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Zero Tolerance Protection: Receiving a Revocation Notice

Written by Orchid


September 28, 2022


White text atop black background next to grayscale photo of President Joe Biden

During our ongoing Zero Tolerance Protection series, we’ve reviewed various willful violations, the inspection process, and the importance of proactive compliance. Throughout, we’ve mentioned the growing threat of license revocation under the Biden administration’s zero tolerance policy. However, we haven’t yet detailed the revocation process or what that means for you and your FFL.

Over the next few articles, we’ll look to do just that – beginning with receiving a revocation notice.

Receiving a Revocation

Following an ATF compliance inspection, industry operations investigators (IOIs) will sit down with licensees to review violations found, if any. Though roughly 60% of all FFLs inspected in the last two years have recorded no violations, at least 40% of you will receive a Report of Violations (ROV) following inspection.

After reviewing the ROV, licensees will sign off on the report in acknowledgment of the violations and ATF will close its inspection. If further corrective action (i.e., warning letter, warning conference, or revocation) is deemed necessary at the discretion of ATF, licensees will receive notice by mail or email.

In the case of revocation, ATF will send the licensee a notice (ATF Form 4500), comprising of a letter informing the FFL their license is being revoked and specific violations cited as a basis for pursuing revocation. Not all violations cited during the inspection may be used as grounds for revocation, but combined, could create an image of willful noncompliance.

The notice will also inform the licensee they have 15 days from receipt of the notice to file a request for a hearing with the Director of Industry Operations (DIO) in their ATF field division to challenge the revocation.

Revocation Process

Below is a summary of what you can expect after receiving a revocation notice, and should you choose to fight it. The following procedures are specified in federal regulation (27 CFR 478) and will be explained in greater detail in upcoming articles.

  • ATF sends the licensee a notice of revocation that includes violations used as basis for pursuing revocation.
  • The licensee has 15 days from receipt of notice to file a request for hearing with DIO in their ATF field division. If no request is made, ATF will send final notice of revocation to the licensee with a summary of findings that warrant revocation.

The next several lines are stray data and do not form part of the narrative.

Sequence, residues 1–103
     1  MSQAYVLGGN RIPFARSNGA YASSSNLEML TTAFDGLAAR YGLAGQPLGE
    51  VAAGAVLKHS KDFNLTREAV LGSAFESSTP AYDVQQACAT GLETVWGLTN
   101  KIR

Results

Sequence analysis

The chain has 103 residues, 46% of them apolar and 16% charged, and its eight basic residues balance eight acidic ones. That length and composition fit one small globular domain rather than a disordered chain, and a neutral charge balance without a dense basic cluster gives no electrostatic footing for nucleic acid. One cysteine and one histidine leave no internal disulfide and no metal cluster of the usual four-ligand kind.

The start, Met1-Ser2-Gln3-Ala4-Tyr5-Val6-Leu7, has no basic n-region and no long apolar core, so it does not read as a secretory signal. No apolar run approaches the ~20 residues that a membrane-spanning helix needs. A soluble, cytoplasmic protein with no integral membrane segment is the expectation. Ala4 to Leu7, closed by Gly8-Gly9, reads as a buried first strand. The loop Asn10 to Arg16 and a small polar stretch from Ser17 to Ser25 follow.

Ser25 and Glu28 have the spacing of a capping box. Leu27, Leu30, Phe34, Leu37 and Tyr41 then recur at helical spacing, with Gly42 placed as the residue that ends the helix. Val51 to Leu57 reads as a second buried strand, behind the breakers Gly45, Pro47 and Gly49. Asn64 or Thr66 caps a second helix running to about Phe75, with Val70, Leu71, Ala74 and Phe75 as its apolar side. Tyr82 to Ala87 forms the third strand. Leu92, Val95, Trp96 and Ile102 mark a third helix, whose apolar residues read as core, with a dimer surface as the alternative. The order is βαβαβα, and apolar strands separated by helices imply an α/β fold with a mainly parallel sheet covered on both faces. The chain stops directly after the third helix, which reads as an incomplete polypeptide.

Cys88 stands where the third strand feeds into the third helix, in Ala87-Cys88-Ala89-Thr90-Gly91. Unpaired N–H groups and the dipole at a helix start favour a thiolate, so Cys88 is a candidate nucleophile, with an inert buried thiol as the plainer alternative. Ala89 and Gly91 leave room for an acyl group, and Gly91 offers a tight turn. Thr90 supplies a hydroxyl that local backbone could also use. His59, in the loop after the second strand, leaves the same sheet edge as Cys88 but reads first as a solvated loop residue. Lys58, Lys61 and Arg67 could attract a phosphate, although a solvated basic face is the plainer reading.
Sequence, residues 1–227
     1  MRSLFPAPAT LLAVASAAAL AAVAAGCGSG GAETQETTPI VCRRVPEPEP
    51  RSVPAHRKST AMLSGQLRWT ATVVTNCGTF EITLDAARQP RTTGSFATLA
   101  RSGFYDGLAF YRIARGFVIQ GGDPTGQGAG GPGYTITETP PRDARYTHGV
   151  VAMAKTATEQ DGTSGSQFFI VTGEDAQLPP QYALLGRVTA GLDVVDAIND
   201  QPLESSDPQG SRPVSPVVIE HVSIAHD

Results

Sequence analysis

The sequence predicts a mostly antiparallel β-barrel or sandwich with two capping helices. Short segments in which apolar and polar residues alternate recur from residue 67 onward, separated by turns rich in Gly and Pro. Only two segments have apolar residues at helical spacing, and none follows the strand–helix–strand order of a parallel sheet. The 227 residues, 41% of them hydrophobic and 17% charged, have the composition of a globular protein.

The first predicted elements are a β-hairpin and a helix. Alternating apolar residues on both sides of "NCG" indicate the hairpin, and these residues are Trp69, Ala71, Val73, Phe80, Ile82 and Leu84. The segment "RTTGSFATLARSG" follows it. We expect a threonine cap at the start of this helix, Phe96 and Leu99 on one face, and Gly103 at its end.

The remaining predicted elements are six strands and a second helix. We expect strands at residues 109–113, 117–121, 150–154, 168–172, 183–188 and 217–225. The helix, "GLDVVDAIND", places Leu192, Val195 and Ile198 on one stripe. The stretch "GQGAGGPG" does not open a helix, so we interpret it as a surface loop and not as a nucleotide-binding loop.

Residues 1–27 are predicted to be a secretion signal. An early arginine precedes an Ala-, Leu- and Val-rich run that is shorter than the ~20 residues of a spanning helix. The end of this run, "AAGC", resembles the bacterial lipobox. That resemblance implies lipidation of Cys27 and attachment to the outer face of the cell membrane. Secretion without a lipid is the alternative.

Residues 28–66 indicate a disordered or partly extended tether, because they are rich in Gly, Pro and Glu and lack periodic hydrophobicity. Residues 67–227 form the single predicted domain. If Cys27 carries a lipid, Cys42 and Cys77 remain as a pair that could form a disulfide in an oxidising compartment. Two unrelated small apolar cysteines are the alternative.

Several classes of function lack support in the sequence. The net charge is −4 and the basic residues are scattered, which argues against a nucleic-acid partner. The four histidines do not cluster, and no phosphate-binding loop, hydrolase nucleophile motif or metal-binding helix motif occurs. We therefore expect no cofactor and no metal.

• If a hearing is requested, DIO will make arrangements for the hearing and advise the licensee of the date, time, location, and name of the officer before whom the hearing will be held.
  • At the hearing, the licensee can be represented by an attorney and may bring employees and documentation to address the violations cited in the notice. ATF is represented by ATF counsel and the IOIs who conducted the inspection that resulted in the revocation recommendation.
  • During the hearing, the licensee has the opportunity to challenge the violations. Based on the evidence, testimony and exhibits presented at the hearing by the licensee and ATF, the DIO decides whether to continue with the revocation.
  • If the DIO decides the violations were willful and revocation is justified, ATF sends final notice of revocation to the licensee with a summary of findings and legal conclusions that warrant revocation. If the DIO decides the license should not be revoked, ATF will notify the licensee in writing.

Orchid Zero Tolerance Protection

At Orchid, our team of operations, technology and legal professionals understand the risks of today’s firearm businesses. For over a decade, we’ve worked with FFLs big and small to implement leading compliance best practices and software solutions to eliminate violations and protect licenses from revocation.

Continuing our Zero Tolerance Protection series, we’ll share our expertise and experience in proactive compliance as we look closer at Biden’s policy and its impact on the firearms industry, review how to avoid and correct violations, and suggest ways to protect your FFL from the risk of revocation. Next, we’ll detail immediate actions you can take after receiving a revocation notice.

In the meantime, learn more about a Zero Tolerance Rapid Assessment of prior ATF Reports of Violations, your A&D Bound Book, and recent ATF Forms 4473. We also encourage you to watch our webinar on ATF zero tolerance enforcement, schedule an in-person or remote mock ATF inspection, and implement leading compliance software in your retail FFL. Contact Orchid today to protect your FFL from a zero tolerance revocation.

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